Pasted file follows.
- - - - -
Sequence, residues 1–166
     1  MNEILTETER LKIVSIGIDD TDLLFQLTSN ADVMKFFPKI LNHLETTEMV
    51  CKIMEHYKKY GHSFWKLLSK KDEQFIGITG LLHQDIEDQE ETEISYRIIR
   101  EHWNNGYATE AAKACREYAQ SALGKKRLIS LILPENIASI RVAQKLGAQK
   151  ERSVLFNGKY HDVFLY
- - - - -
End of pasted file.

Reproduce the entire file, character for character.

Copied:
Sequence, residues 1–166
     1  MNEILTETER LKIVSIGIDD TDLLFQLTSN ADVMKFFPKI LNHLETTEMV
    51  CKIMEHYKKY GHSFWKLLSK KDEQFIGITG LLHQDIEDQE ETEISYRIIR
   101  EHWNNGYATE AAKACREYAQ SALGKKRLIS LILPENIASI RVAQKLGAQK
   151  ERSVLFNGKY HDVFLY